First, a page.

Could you switch from a caravan to a motorhome?
Having recently spent three days testing the new Bailey Motorhome Liz King ponders over a potential switch from caravanning to motorhoming.
There are pros and cons for caravans and motorhomes.
One of the major differences is the way you use a caravan or motorhome; with a caravan you arrive on site, unhitch, level it, wind down the corner steadies, put on your security system (check the wording of your insurance policy carefully to ensure that you meet the requirements of the policy) connect to mains electric (please attach the cable to your unit before you connect to the mains bollard) fill the water containers, etc and then there’s the interior to sort out.
With a motorhome we arrived on the pitch, levelled up and connected to mains electric. We had a full 100L on-board water tank, and an empty 100L grey water tank, so no need for several minutes work outside. I particularly liked swivelling my cab seat around and I was in the habitation area without going outside! So a definite plus point for the motorhome.
Conversely, with a caravan you can display your knickknacks on shelves when you arrive on your pitch and go off in your tow vehicle; with a motorhome, unless you tow a small car or have bikes, then every time you move it, you have to make everything safe and just as importantly, quiet for travel. In a caravan, you’ve no idea what noise is created during towing, no matter how you pack for travel. Plus point for caravans then.
In the motorhome we lined the shelves and cupboards with non-slip mats, and used tea towels and bubble wrap. We put wrapped crockery and glasses into lidded plastic boxes; cutlery was wrapped in tea towels and packed tightly into the cutlery rack. We used pan protectors bought from Lakeland inside our stacking saucepans and put non slip in the kitchen sink to stop the bowl sliding around. Lockers were so tightly packed you couldn’t get a fag paper in. Everything that we needed was taken out of its store as needed and put away afterwards. Toiletries were kept in our wash bags; in the caravan we keep them in plastic baskets in the drawer under the basin.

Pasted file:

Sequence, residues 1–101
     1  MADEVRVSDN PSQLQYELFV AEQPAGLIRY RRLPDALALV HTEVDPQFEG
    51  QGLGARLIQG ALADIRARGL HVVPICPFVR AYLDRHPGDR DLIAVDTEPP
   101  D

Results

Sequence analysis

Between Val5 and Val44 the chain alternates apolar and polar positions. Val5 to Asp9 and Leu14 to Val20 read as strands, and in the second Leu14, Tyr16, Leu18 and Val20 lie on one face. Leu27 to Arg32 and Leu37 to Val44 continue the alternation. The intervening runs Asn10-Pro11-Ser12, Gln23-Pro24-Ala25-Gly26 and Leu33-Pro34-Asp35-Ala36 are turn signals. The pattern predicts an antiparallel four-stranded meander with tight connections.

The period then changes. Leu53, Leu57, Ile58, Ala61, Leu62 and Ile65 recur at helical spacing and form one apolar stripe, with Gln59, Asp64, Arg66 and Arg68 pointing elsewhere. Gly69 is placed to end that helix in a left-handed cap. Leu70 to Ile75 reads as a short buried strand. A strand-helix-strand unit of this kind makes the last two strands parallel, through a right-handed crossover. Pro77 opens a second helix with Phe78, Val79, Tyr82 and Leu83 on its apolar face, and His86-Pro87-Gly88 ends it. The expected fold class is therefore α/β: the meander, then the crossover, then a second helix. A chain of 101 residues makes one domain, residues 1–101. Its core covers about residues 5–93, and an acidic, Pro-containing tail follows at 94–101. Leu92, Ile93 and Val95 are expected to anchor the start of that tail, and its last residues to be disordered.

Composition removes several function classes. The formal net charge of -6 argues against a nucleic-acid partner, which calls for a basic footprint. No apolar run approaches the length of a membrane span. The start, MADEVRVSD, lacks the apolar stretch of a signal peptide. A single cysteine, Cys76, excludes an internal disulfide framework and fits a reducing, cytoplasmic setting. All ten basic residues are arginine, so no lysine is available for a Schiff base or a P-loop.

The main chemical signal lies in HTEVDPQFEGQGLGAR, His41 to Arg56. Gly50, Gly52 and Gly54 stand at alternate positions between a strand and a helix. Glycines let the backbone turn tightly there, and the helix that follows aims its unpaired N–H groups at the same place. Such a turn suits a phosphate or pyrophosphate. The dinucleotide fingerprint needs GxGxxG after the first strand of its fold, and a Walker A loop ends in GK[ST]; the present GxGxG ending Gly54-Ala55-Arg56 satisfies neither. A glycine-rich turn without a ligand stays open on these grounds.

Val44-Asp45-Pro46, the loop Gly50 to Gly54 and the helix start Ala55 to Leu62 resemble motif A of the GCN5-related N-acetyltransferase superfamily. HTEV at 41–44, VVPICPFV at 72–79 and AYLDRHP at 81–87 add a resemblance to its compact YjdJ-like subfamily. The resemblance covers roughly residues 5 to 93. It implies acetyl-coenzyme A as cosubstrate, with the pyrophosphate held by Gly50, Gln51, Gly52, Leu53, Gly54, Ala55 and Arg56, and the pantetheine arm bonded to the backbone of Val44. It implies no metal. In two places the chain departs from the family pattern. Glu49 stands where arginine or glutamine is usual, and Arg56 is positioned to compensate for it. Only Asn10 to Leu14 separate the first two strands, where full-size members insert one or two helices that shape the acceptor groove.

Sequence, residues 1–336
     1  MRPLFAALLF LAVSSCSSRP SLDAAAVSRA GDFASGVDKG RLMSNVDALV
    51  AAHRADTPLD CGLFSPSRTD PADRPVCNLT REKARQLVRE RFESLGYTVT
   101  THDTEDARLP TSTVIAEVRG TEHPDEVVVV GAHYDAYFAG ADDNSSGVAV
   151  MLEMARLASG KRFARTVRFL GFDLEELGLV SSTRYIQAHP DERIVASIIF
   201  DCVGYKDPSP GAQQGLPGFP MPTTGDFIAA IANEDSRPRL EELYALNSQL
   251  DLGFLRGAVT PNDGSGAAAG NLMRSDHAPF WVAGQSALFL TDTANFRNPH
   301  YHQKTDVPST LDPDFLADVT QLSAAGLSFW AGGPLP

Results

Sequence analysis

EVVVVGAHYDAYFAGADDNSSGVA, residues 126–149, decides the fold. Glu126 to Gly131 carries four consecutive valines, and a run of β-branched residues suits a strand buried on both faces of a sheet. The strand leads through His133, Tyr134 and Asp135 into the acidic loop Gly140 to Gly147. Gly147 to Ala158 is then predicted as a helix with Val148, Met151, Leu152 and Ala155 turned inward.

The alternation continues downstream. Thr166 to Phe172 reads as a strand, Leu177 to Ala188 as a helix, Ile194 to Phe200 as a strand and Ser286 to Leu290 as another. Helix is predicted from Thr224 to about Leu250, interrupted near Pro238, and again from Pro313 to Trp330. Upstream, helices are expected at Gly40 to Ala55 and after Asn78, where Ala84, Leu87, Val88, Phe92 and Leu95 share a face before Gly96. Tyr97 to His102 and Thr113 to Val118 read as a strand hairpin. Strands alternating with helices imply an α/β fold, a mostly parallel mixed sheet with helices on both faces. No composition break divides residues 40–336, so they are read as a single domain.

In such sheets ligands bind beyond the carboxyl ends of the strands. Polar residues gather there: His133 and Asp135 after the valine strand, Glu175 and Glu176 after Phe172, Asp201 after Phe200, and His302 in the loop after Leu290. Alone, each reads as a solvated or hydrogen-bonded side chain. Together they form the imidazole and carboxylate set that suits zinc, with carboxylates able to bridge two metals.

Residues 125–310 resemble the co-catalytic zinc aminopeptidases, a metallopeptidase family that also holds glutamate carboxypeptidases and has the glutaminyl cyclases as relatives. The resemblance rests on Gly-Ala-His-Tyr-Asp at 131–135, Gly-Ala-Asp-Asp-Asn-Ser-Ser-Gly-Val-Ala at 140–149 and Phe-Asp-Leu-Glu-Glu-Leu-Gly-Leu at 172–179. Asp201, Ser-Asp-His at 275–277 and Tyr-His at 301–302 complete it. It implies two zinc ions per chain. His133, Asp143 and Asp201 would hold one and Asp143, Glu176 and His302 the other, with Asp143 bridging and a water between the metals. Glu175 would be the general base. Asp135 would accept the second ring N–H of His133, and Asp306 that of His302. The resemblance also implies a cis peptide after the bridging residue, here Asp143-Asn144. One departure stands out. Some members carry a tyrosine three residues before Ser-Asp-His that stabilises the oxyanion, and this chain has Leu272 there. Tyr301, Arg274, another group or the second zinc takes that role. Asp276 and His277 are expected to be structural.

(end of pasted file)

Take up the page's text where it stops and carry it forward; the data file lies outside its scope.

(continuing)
We’ve experienced noisy motorhome journeys in the past and believe me, they are very wearing, tiring and distracting for the driver. It’s not a good idea to wander round the habitation area for any reason whilst the vehicle is moving.
Of course there are other considerations to motorhome ownership that need to be compared to caravan ownership. If you bought a small motorhome could you get rid of your towcar and use your holiday home on wheels as your main mode of transport?
You would also need to weigh up cost of motorhome insurance and costs of running the motorhome. And if you’re looking at an extra large motorhome you would need to check your driving licence to ensure you can legally drive it – check the DVLA website for more details (http://www.direct.gov.uk/en/Motoring/DriverLicensing/WhatCanYouDriveAndYourObligations/DG_10037875 ).
So the choice is a caravan or motorhome, it’s swings and roundabouts; we wouldn’t rule out motorhome ownership, but wouldn’t rule it in either; perhaps the answer is to own both!
There will be plenty of both to see, and new models galore from many manufacturers, at the Motorhome and Caravan Show at NEC Birmingham from October 11th to 16 so take your notebooks and camera and create your own list of pros and cons!
If you’re thinking of making the change from caravan to motorhome, let us know your reasons below.
Details correct at time of publication (07/10/2011) but may be subject to change.